• One former prisoner described having been waterboarded on repeated occasions during U.S. interrogations in Afghanistan. The report notes that the prisoner never used the phrase “waterboarding,” but described the procedure in detail: his captors put a hood over his head, strapped him onto a wooden board, “then they start with the water pouring. . . . They start to pour water to the point where you feel like you are suffocating.” He added: “[T]hey wouldn’t stop until they got some kind of answer from me.” He said a doctor was present during the waterboarding and that it happened so many times he could not keep count.
     
  • Another prisoner in Afghanistan described being subjected to a water-suffocation practice similar to waterboarding, and said that he was threatened with use of the board. A doctor was present during this abuse as well.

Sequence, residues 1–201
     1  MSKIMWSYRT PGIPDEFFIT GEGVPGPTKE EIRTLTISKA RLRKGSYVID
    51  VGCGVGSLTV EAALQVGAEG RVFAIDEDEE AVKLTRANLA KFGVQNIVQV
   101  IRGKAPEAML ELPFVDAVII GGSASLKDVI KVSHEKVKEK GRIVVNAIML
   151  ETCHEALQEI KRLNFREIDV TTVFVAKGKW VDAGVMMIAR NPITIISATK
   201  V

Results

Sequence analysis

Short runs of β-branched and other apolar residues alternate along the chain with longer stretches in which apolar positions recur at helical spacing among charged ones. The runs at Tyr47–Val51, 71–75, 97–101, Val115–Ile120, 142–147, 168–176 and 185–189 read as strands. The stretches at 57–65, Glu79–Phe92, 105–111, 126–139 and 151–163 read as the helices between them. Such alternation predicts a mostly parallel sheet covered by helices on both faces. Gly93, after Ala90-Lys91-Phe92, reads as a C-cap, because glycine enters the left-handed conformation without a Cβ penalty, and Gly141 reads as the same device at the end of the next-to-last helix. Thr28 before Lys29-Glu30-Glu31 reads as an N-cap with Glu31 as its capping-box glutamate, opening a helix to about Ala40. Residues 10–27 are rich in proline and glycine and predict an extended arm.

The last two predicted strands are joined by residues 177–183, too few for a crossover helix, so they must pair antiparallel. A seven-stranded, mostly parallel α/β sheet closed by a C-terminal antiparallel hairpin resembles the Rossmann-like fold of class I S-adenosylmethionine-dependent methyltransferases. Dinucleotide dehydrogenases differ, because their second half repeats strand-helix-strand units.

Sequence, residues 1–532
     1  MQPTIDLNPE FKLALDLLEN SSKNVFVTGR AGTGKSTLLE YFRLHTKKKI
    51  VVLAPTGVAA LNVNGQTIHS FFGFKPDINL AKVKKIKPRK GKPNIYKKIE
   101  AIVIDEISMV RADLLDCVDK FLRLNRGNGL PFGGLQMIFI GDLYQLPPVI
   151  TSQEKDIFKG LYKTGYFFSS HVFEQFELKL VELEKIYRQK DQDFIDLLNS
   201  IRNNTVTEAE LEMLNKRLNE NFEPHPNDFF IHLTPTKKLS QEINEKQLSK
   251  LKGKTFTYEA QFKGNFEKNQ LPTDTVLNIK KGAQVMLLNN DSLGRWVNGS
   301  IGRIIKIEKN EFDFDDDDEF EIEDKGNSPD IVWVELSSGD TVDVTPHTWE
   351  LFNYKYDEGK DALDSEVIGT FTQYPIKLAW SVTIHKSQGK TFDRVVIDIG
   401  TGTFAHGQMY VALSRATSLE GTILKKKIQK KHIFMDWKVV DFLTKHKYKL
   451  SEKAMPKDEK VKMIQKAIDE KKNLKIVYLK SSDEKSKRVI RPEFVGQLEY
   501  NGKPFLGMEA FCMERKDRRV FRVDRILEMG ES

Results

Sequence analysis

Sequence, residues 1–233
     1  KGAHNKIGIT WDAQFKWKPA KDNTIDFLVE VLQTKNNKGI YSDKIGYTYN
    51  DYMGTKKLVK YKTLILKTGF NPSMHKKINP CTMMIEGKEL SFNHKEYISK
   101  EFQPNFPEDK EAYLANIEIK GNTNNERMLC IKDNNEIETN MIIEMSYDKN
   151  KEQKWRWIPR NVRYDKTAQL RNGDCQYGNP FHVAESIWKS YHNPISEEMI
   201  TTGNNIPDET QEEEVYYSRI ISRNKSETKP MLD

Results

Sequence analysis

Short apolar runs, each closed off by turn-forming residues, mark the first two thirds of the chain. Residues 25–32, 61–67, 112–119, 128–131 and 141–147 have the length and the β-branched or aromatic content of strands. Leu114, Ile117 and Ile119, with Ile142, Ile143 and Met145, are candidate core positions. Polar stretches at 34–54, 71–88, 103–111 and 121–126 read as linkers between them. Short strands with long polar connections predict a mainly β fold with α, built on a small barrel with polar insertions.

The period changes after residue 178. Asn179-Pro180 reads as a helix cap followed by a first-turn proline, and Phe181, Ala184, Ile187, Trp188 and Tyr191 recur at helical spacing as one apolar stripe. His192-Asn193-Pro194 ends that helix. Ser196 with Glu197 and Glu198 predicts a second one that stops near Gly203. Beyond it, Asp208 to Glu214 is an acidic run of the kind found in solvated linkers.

• All fourteen former prisoners who were interviewed described being turned over by the CIA to the Qaddafi regime with the full expectation that they would be tortured and abused after transfer to Libya.
     
  • The report offers further detail on the fate of Ibn al-Sheikh al-Libi, the man whose torture-induced fraudulent claims about the plans of Iraqi strongman Saddam Hussein were cited by the Bush Administration to justify the invasion of Iraq. The CIA turned al-Libi over to the Qaddafi regime, and he died in prison under mysterious circumstances shortly thereafter. The report notes the discovery of photographs of al-Libi from the morning after his death in which evidence of torture is plainly visible on his body.